Choosing the Right Property Type

Overall, single-family homes are typically among the more expensive options. You may need to investigate cheaper alternatives if location or another priority is more important to you, including condos, manufactured homes, or an older single-family home that needs serious repairs.

  • Single-family homes: Single-family homes are the more costly option, but they appreciate faster and have a greater diversity of types and locations, whether a new, custom-built home in the suburbs or an older home closer to the city center. According to a recent NAR survey, many homebuyers consider previously owned homes to be a better overall value.
  • Condominiums and co-ops: These smaller, apartment-like dwellings can be an affordable housing option, particularly for first-time homebuyers. There are differences between co-ops and condos, but both may come with extra fees, homeowners association dues, or additional costs to cover unexpected expenses or repairs.
  • Townhouses: Townhouses are multilevel structures grouped together that often share one or more walls and may or may not come with monthly homeowners dues. While less expensive than single-family homes, townhouses may also have rules restricting interior changes.
  • Manufactured homes: Manufactured homes are usually prefabricated elsewhere, then taken to the site. They may be less expensive but also tend to depreciate over time.
  • Multifamily homes: Duplexes or small apartment buildings offer a homebuyer the option of living in a part of the space while renting out the other side or area. Tenants will provide you with another form of income, but you'll have more responsibilities (and potentially, expenses) as a landlord.

Some cities offer affordable housing and condo units for qualifying buyers. In San Diego, for example, condos might have pools, solar water heaters, and even fitness centers. However, plan ahead if you hope to buy—San Diego's interest list contains several hundred applicants for only a limited number of homes available annually.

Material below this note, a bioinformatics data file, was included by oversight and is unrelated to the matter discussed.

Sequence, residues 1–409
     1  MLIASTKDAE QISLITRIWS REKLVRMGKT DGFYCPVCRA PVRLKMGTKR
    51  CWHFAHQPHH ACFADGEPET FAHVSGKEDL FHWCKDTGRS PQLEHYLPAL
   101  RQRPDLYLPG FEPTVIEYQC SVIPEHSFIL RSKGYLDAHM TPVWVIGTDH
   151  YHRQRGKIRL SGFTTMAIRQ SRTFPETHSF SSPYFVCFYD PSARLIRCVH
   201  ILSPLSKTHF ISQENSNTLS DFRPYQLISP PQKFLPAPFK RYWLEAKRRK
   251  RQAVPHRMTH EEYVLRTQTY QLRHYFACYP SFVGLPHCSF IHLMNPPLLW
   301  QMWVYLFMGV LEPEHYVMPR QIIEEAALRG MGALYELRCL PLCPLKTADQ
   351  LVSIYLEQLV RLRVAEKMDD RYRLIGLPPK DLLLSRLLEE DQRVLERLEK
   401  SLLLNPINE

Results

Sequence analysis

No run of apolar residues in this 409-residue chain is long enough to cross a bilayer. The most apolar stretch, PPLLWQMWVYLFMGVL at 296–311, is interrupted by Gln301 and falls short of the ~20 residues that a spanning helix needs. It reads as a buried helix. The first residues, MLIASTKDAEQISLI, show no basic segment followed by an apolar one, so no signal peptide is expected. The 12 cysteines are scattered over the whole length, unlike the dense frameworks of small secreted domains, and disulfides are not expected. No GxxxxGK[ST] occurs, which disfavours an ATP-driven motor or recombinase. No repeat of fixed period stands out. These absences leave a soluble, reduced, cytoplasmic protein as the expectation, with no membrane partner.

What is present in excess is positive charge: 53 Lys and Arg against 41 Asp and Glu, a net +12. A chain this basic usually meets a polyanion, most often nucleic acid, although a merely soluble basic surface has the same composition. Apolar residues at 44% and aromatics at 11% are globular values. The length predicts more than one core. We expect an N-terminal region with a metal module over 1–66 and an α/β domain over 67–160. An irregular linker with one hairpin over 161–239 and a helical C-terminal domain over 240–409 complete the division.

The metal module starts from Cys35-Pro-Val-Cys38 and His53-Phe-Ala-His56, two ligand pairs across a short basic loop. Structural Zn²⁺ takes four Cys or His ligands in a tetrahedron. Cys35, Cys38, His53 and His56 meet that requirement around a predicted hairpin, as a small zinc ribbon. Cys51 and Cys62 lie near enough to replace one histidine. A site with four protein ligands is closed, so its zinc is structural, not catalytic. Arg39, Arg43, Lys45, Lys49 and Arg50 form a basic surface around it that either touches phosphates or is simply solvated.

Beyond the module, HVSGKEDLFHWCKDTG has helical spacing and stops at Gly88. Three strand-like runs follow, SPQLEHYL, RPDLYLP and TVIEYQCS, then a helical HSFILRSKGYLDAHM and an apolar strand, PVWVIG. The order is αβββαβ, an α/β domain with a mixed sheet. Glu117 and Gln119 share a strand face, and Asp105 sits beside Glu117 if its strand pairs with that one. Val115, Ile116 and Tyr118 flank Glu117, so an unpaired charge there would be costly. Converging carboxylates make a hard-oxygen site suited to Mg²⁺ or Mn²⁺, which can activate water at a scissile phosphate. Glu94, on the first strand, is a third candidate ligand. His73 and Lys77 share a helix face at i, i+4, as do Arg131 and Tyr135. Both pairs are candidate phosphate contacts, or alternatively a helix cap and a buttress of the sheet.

What Size Home Can You Afford?

Consider balancing size with savings. Don't give up your savings plan for a big house, as you'll still need an emergency fund for unplanned repairs and replacements. But you'll want to ensure the home's layout suits your needs, both now and later. While children can share rooms or bathrooms for a while, it's important to consider how long you plan to stay in the house. If you're hoping to stay for at least 10 years, ensure there's enough room for everyone as they grow.

Consider how flexible existing rooms are—can you repurpose a bedroom for an at-home office, for example, if you change jobs? Storage space in closets, garages, and other areas is recommended to be 10% to 25% of your home's total floor space. If you have a 1,500-square-foot home, that's 150 to 375 square feet.

But don't forget that the larger the house, the more utility and maintenance expenses you may rack up, particularly if systems haven't been updated recently. Smaller homes can save you money on energy and maintenance.

Smaller homes (less than 1,200 square feet) and two-bedroom homes have appreciated more rapidly than larger homes in recent years, but the market is also very competitive for these in-demand starter homes.

Interior and Exterior Features

A home's features and amenities may impact sales pricing and competition. A newly renovated home with an outdoor kitchen and updated bathroom may go for top dollar amid many offers. Meanwhile, the bungalow across the street with a shag-carpeted bathroom could be a steal, even in a desirable neighborhood. Go against the grain to find a good deal.

Features that turn off some buyers, potentially leaving the home open to lower offers or less competition overall, can include:

  • Ugly or bold paint color versus white or neutral walls
  • Carpeted rooms versus refinished hardwood floors
  • White or black appliances versus stainless steel
  • Dated bathroom and kitchen versus updated versions

According to agents surveyed, many buyers are also turned off by features that signal a home's age, such as carpeted bathrooms, popcorn ceilings, shag carpets, wood paneling, and outdated window treatments.

Many home buyers seek outdoor space to entertain friends and family, so keep an eye out for properties with potential, but that currently lack a usable patio, pool, fire pit, or outdoor pizza oven.

If a home still has an oil-based furnace, for instance, it may be less expensive right now but eventually could cost more to heat, and you'll have to pay to convert to another heat source.

While some outdated features are purely cosmetic and easy to fix, consider a home's overall energy efficiency and maintenance costs, particularly in light of rising energy prices.

Home Condition and Expected Repairs